what a lovely posting Kim... I am a big fan of the slow movement too - and Carl Honore's book literally changed my life. I have never heard of the "slow art" movement -- and I love the concept of it. Unfortunately, I am not in slow mode right now -- finishing off a job right now ... but I booked myself a week away from phones and the internet and laundry two days after my last day of work -- so I can reset myself into "deliberate" (and slow) mode.
Thanks for sharing.

Kim said...

Thank you, Honor! I really love the work of Carl Honore to be sure. He has written some lovely books and I will be sharing another one tomorrow. There is not really a Slow Art Movement. While making art slowly is common and appealing to some, the idea expressed in the manifesto is pretty brutal for most artists. There is just not the means to make locally produced materials...not to mention enough visual artists to support those smaller companies. In addition, pigments come from all over the world.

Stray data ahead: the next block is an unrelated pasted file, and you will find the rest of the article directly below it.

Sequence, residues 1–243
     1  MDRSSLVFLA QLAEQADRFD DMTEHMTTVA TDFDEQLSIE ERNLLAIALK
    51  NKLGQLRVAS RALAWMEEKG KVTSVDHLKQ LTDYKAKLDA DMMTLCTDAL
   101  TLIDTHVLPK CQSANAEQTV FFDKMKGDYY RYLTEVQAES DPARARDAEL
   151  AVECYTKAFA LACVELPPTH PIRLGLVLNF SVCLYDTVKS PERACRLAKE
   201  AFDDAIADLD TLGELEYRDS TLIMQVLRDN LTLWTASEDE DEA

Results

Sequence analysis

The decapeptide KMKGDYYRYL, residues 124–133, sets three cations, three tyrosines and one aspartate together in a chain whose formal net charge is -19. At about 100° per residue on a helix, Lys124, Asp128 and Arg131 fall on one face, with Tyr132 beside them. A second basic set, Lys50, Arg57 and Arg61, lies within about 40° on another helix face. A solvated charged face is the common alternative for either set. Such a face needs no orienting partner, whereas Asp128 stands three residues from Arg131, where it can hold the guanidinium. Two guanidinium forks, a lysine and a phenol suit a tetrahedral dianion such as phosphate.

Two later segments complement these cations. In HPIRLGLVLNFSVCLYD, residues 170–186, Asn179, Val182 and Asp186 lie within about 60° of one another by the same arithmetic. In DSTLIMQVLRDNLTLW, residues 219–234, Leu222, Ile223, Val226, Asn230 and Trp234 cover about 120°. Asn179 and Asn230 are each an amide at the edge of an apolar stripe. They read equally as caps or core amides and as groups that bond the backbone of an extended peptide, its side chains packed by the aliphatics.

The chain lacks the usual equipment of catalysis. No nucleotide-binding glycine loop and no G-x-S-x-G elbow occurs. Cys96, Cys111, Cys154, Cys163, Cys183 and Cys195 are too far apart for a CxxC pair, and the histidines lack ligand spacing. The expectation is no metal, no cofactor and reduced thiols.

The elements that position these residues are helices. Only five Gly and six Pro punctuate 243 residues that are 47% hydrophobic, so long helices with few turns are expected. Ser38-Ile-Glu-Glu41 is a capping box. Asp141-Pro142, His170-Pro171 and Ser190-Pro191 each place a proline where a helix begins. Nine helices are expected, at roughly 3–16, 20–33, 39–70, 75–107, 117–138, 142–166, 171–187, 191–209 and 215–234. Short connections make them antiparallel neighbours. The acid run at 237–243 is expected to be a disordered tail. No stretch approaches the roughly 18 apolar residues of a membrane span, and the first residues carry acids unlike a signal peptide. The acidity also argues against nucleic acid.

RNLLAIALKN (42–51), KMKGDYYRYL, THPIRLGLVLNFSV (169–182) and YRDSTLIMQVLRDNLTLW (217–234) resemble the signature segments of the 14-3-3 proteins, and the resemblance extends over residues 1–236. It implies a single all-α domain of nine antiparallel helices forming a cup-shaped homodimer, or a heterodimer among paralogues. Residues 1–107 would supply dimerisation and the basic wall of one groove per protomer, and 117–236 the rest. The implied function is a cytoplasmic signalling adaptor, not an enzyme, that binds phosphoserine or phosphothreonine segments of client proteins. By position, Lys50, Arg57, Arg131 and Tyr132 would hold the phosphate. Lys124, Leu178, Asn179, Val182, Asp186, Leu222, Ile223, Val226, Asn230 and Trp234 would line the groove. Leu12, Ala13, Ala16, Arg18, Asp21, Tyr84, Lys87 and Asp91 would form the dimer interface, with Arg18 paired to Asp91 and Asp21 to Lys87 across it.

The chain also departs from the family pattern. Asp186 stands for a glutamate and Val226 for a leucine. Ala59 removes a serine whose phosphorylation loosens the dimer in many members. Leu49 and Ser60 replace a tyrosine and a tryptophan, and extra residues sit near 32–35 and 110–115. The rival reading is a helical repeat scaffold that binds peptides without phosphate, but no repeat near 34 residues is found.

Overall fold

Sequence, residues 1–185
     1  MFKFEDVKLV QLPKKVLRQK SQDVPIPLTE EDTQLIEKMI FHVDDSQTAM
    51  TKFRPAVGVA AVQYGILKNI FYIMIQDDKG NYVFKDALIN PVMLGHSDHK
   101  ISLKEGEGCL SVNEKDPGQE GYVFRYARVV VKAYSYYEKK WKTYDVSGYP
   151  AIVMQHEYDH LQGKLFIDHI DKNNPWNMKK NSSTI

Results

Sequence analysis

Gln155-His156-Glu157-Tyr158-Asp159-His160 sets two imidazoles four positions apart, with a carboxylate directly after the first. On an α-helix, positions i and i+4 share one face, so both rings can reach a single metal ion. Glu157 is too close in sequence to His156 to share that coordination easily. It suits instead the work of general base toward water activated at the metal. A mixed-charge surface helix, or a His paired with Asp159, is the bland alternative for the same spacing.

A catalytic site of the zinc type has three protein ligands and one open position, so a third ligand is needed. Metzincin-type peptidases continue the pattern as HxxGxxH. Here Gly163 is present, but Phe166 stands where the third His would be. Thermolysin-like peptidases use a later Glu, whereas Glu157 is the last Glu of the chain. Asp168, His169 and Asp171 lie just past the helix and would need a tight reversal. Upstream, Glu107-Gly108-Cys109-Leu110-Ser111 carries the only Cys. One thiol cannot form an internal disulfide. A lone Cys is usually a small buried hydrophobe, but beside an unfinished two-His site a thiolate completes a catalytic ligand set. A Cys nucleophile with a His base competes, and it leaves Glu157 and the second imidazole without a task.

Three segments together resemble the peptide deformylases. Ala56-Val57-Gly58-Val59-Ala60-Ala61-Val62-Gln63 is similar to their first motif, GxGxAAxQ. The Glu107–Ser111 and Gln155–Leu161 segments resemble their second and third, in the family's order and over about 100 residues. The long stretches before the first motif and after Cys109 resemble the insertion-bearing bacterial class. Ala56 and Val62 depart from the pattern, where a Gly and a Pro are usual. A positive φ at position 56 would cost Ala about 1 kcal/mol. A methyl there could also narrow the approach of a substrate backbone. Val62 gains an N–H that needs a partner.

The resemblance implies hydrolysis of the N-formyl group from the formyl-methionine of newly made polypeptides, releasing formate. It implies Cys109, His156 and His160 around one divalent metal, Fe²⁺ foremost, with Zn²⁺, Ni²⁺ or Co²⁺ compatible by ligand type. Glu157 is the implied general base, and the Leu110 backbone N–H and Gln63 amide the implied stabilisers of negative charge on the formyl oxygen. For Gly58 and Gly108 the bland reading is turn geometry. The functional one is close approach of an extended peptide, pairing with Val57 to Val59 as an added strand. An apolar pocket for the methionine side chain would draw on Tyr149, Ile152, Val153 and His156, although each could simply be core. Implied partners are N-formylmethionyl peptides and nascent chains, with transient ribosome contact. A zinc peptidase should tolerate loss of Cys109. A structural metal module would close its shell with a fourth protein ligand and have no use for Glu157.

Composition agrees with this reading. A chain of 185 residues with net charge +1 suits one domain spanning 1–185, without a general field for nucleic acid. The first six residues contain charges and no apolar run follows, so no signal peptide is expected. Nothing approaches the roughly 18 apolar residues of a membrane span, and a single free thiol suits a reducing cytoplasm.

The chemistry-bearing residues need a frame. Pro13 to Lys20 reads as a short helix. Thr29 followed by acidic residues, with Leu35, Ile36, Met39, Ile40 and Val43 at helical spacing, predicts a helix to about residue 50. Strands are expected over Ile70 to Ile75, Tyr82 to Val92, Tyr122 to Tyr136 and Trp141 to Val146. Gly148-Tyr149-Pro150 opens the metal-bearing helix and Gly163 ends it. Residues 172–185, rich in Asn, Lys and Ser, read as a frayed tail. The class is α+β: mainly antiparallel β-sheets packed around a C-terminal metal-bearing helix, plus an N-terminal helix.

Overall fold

I have to say Carl Honore actually gave me permission to live my life differently than society encouraged. Living slowly always felt right for me, but society thought that was the "Wrong" way to do it.

There are not always slow times in our lives. But finding the time to live slowly and in a focused way makes the differences in the times of our lives when we have to move more rapidly, don't you think?

I wish you the very best with the completion of your job project and the ever so lovely time when you can slow down and refocus your life.

Thank you, Honor! Here is to living slowly and your comment here!